Doll #2: Maeve the Brave
[Continued from 12.7.13] In so many ways, making a cloth doll is easier than making a quilt. Maeve was made over the course of 5 days, amid other activities and obligations. My small quilt took weeks. Quilts, I'm thinking, always tell one's own story. Dolls somehow put you in touch with some "other." Of course, you can look upon dollmaking like any other mode of production: patterns, decisions, get it done. But I'm in exploration mode, so I'm trying to open up and let the process itself inform all those little decisions about what fabric, what face, what embellishments. It's fun to think little wandering fairy spirits like the cut of my cloth and whisper sweet instructions in my ear to construct bodies to their liking, that they might then inhabit them.
Did I hear a spirit talking to me this week? No, but I paid attention to what songs popped into my head (old British Isles folk songs) and what little pieces of jewelry junk grabbed my attention (the small key). I think the pattern I used was supposed to make what looked like a jazz dancer. But my eye was drawn to a pack of little fabric squares labeled "Kansas Troubles" -- not jazzy at all. And at the yarn shop, it was the variegated red wool that caught my eye.
And so, the spirit of Maeve imbued my doll. Maeve was a busy, practical woman who wore thrift-store britches and had no time to style her hair. She got a kick out of the fact that she repurposed her wedding veil into a skirt (and that it had a longer life than her dearly departed husband). Her layered shirts, her green silk scarf and her red leg warmers protected her from the drafts in the big old inn that she ran in the chilly west of Ireland. Her red slippers helped her move fast. And she always wore her master key on a cord around her neck as a reminder of her authority and a pledge of responsibility for her guests.
In the early 20th century, the widow Maeve was a feisty advocate for the Irish Free State. Her inn was regularly used as a safe house for IRA members escaping the ruthless Black and Tans. In fact, this was how she met her maker. One night, with two fugitives hiding upstairs, a couple of Black and Tans came in and asked for drinks. They got drunk, belligerent, and then assaultive. She knew if she screamed, the fugitives would come to rescue her and they would be killed. So she clenched her jaw and battled silently. In the end, one of the men grabbed the key cord around her neck and strangled her.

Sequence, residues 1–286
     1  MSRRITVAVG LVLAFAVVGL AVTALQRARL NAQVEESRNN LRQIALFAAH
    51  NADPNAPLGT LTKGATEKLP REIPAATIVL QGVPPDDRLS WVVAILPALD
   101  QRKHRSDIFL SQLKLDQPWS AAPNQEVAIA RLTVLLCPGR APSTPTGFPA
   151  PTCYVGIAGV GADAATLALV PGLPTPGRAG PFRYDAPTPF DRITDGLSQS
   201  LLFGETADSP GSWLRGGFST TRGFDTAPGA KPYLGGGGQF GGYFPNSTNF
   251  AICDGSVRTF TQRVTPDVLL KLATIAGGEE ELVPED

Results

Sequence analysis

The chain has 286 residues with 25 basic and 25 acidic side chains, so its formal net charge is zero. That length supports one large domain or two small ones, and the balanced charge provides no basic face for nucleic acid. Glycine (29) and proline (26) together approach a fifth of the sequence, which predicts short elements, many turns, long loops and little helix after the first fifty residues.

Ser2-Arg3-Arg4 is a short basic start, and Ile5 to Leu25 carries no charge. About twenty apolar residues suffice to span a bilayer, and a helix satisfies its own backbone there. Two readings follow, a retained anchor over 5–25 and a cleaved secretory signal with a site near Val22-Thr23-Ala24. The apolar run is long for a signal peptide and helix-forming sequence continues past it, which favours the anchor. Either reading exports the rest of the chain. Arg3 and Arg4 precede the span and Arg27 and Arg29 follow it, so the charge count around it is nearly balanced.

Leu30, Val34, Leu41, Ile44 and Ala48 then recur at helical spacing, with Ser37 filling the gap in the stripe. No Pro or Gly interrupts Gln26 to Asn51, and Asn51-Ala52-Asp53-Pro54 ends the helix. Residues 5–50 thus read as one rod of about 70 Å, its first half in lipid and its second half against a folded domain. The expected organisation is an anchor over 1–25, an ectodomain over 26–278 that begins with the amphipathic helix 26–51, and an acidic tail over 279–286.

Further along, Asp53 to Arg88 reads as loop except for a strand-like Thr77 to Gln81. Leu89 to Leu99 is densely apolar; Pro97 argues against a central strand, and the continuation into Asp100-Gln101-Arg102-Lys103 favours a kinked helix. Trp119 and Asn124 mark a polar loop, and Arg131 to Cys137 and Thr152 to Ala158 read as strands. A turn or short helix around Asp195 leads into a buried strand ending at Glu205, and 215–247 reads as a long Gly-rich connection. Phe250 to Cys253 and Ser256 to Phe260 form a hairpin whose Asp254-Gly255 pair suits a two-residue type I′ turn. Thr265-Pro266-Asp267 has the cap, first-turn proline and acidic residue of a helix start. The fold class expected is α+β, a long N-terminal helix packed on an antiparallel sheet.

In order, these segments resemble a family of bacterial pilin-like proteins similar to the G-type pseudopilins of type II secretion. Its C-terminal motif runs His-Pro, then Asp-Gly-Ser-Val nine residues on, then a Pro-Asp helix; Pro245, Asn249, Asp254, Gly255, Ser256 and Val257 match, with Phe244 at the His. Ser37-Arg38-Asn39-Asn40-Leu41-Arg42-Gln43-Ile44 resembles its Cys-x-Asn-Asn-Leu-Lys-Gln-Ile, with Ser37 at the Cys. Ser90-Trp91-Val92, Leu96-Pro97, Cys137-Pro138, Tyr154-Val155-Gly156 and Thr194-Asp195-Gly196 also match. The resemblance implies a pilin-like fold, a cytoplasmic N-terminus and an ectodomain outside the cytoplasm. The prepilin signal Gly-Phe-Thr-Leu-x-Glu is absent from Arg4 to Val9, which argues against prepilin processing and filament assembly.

In the silence that followed, Maeve's ghost appeared to the men upstairs and told them to escape out the back window, thus saving their lives for sure.
And so the spirit of Maeve roams, with her open arms of generosity and and promise of protection. Now she has awakened my little doll and inspired me with her tale.
Maeve is an elementary pancake style doll, meaning she has a pretty flat head and flat face. She's based on a pattern by eleanor peace bailey in the book Cloth Doll Workshop. She's about 18" long.
The body is constructed of unbleached muslin, dyed with instant coffee. The shirt and pants were appliquéd onto the muslin prior to being sewn together and turned right-side out. The body was then stuffed with Fairfield Poly-fil.
Fabric: The shirt/sweater and vest fabric are from the Moda Kansas Troubles Quilters line. The pants are scraps from an old skirt of mine and her leg warmers were cut from an old t-shirt. Her skirts started out as ivory tulle, which I decided to dye with a combination of instant coffee and RIT (scarlet + tangerine). The peplum and vest are lined with the lining from another of my old skirts. The flower closure on her vest is a "yoyo," a tiny circle of gathered cloth.
Feet: coated with gesso, then painted with Lumiere Metallic Russet fabric paint.
Face: done with Micron Pigma pens and Prismacolor pencils.
Hair: burgundy worsted wool from Merino, with a little gold thread added.
Accessories: The key and the rings used for bracelets came froma cache of bits and pieces saved by Jim's mother. The green silk ribbon (neck scarf) was found in my ribbon and cord box.
The sewing is mostly straightforward machine work, though it's a little tricky to work with a 1/8" seam allowance. Some teensy hand stitching is required, which took me a while to get the hang of.
I'm anxious to make a "profile" doll (i.e., one with a nose!). With the next step up also comes the option to add an armature (wire, dowels or pipe cleaners), so that the doll is jointed and can be repositioned. No, I don't HAVE to. There are plenty of lively and whimsical dolls that can be made with very basic patterns.
Making a doll for me is more about liveliness than perfection. But the touches of realism in a doll's face -- like that little white glint in the eye -- are what make it come to life .
Making a doll isn't hard. It's just lots of steps. It's a craft for a detail-oriented person with an active imagination. As I said in the beginning, this little streak of dollmaking is not production-oriented. I have no list of people I need to make dolls for. The process feels too slow and absorbs too much of me to hand off -- but maybe that will come. Right now I'm just exploring, enjoying my second childhood, I guess.
Anyway, if you have access to a sewing machine, make a doll. And let him or her tell you a story.